With various heat exchanger designs on the market, selecting the most suitable design for transferring heat between fluids requires some knowledge of differences between heat exchanger styles.
In this post, we discuss key characteristics of:
- Plate-and-Frame Heat Exchangers
- Shell-and-Tube Heat Exchangers
- Scraped-Surface Heat Exchangers
A key question in heat exchanger selection is always, “What type of heat exchanger does my process require?”
Process requirements come from fundamental properties of processed fluids such as viscosity and particulates. Processes also have thermal output requirements or amounts of heat that must transfer between fluids, and the temperature change that must occur by the end of the process.
When possible, using a plate heat exchanger is the right choice because they’re the most efficient and least expensive option. However, when fluids are highly viscous (thick) or include particulates, tubular exchangers can be more effective.
Scraped-surface heat exchangers are the most expensive option; they are also the most effective choice when fluids are incredibly thick or contain large particulates. Scraped-surface can be used for all products, but they are much higher in cost and lower in capacity.
KEY CHARACTERISTICS OF PROCESSED FLUIDS
Heat transfer inside a heat exchanger results in temperature changes in both fluids, lowering the temperature of the warmer fluid and raising the temperature of the cooler fluid.
Fluid properties partially determine the type of heat exchanger for the application.
Fluid types include:
Thermal properties of fluids include:
- Flow rate
Plate heat exchangers handle low-to medium-viscosity fluids at higher flow rates than tube or scraped-surface models.
Corrosiveness of fluids is an important consideration because of their effects on heat exchanger components. Graphite is used for some industrial and pharma applications if the product is corrosive. When fluids have a high salt content, an even more corrosive resistant material like titanium is recommended for heat exchanger fabrication.
Manufacturers of heat exchangers typically ask for additional particulars about fluids before they can provide an accurate cost quotation, including:
- Heat load
- Temperature program
- Physical properties of liquids in question (if not a standard product such as milk, water, or beer, for example)
- Desired working pressure
- Maximum permitted pressure drop
- Available steam pressure
Heat exchangers fall into two basic categories based on the fluids (liquids or gases) being processed.
- Single-phase heat exchangers process only one phase–liquid or gas
- Two-phase heat exchangers can be used to boil liquid into a gas. Such units are sometimes called boilers. They can also be used in condensing and evaporation applications.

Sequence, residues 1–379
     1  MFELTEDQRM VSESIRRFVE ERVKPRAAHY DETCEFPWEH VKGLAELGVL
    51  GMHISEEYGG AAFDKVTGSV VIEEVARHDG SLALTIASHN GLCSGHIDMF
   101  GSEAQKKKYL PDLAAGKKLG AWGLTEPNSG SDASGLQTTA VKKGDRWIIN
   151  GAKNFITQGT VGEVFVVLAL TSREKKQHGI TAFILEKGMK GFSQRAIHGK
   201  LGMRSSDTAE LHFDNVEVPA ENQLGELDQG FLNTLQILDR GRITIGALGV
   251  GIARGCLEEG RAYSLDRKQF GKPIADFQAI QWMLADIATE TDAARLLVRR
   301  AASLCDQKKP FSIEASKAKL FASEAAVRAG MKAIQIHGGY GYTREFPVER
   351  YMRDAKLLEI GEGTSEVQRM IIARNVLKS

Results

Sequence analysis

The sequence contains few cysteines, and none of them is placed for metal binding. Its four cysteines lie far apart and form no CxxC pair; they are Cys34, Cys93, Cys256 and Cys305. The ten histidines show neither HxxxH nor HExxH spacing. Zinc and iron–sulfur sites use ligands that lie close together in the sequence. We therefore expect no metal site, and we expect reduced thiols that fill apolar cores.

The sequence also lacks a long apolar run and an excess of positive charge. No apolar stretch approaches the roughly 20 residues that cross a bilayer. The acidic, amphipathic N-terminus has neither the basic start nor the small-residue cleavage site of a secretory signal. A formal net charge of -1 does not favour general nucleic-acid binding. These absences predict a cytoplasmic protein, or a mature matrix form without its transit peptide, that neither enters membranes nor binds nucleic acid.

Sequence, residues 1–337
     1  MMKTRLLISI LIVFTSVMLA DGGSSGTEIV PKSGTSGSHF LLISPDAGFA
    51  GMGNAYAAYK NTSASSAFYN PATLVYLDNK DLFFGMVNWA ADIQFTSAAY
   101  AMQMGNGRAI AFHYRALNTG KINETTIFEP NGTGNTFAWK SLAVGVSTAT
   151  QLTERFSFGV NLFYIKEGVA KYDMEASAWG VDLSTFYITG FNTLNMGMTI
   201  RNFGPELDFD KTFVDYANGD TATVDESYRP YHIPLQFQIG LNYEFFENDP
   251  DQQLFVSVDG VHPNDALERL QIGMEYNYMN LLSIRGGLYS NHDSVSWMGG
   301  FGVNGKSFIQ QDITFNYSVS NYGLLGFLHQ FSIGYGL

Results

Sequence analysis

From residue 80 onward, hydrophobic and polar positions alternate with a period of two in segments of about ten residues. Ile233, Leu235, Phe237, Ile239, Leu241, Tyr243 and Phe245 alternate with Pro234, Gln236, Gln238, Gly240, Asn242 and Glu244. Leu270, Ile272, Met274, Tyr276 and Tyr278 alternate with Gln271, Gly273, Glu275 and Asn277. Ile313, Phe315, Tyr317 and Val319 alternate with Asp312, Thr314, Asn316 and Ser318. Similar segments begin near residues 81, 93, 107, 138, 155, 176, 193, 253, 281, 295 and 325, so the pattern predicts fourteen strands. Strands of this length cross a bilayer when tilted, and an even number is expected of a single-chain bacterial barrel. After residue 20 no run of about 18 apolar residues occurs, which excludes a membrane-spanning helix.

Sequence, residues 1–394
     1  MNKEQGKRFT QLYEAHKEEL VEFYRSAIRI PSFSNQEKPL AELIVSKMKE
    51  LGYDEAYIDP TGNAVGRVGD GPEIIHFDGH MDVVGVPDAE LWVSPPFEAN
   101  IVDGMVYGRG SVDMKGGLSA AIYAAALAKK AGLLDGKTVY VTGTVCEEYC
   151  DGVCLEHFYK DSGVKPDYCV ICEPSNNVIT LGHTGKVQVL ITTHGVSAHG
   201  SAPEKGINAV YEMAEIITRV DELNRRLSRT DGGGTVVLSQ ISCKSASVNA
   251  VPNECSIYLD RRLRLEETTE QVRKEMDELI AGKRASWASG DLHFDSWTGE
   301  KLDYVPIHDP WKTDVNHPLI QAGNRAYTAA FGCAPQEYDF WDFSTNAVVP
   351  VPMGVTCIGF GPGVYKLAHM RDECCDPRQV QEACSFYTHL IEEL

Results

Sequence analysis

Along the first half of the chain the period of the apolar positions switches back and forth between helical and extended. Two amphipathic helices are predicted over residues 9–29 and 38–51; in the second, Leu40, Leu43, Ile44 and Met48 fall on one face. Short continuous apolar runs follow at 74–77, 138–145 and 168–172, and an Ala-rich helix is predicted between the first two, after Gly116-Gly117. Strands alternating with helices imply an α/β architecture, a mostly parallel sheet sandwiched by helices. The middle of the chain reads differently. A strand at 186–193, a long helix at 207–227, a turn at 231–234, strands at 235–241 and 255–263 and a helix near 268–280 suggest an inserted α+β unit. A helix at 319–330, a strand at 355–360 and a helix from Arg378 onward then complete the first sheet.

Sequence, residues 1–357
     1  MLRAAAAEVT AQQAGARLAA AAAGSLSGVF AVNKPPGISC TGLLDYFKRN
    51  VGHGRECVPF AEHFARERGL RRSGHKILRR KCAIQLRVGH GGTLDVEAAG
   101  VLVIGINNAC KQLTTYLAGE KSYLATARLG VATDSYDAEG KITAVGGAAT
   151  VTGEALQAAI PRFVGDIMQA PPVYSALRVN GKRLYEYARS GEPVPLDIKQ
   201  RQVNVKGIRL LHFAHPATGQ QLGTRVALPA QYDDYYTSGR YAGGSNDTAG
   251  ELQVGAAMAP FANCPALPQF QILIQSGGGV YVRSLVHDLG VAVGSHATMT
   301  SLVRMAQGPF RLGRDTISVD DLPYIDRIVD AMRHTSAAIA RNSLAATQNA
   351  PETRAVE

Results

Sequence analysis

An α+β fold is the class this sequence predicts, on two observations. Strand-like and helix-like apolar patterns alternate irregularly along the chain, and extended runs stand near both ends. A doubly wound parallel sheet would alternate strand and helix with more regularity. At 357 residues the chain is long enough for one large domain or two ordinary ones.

Units configured to cool gases so they condense into a liquid are called condensers.
KEY DESIGN FACTORS OF HEAT EXCHANGERS
Some heat exchanger designs achieve higher heat-transfer rates and operate at higher temperatures than other designs. High heat transfer rates or specifications with close temperature approaches can include cooling cream to less than 40°F with 34°F and cooling beer wort with city water as far as possible to limit the load on the glycol chiller.
Size and shape are important factors as well because space limitations may dictate positioning and footprint requirements.
Need for expandability: if a need to expand or contract heat transfer capacity is likely, plate heat exchangers are an excellent choice because you can change capacity easily by adding or removing plates.
CONSIDERATIONS WHEN SELECTING A HEAT EXCHANGER
The table below outlines several considerations to weigh when selecting a heat exchanger.
|Cost Per Square Foot||Low||Low||HIgh|
|Amount of Regeneration||High||Medium||None|
|Use With Particulates||Poor||Good/Excellent||Excellent|
|Materials of Construction Available||Good||Good||Good|
|Length of Time||Medium/Good||Medium/Good||Excellence|
|Flexibility of Process||Fair||Good||Good|
WHEN TO CHOOSE A PLATE-AND-FRAME HEAT EXCHANGER
In this section, we compare shell-and-tube with plate-and-frame heat exchangers based on:
- Energy use
- Ease of maintenance
- Capacity adjustment
- Capital expense
1. ENERGY USE
Plate heat exchangers are up to five times more efficient than shell-and-tube designs. In many cases, you can recover more heat by replacing existing shell-and-tube models with compact heat exchangers.
The series of plates in a plate-and-frame heat exchanger creates gasketed spaces between plates. These spaces alternate between two fluids—one hot and one cold. The design delivers very high heat transfer efficiency because the plates create a surface area that’s much larger than shell-and-tube designs that would fit in the same space.
Shell-and-tube heat exchangers require more floor space than plate heat exchangers, as the comparison on the left illustrates.
3. EASE OF MAINTENANCE
High-quality plate-and-frame heat exchangers can operate efficiently for many years without maintenance. Plates are easy to access for inspection or cleaning. Cleaning intervals depend on amounts of fouling or scaling.
Plate heat exchangers are much easier to clean and maintain than shell-and-tube because they’re easier to take apart and inspect.
You can easily remove plates for cleaning or repair, whereas shell-and-tube models are more labor-intensive.
Sludge or scale coating on surfaces reduces the heat exchanger’s thermal efficiency. Because of plate and frame exchangers’ smaller, modular design, they are faster and easier to clean than larger shell-and-tube units.
4. CAPACITY ADJUSTMENT
Plate heat exchangers make capacity adjustment relatively easy. Plates are easy to access, add, and remove. In contrast, shell-and-tube units have fixed capacity at the time of installation.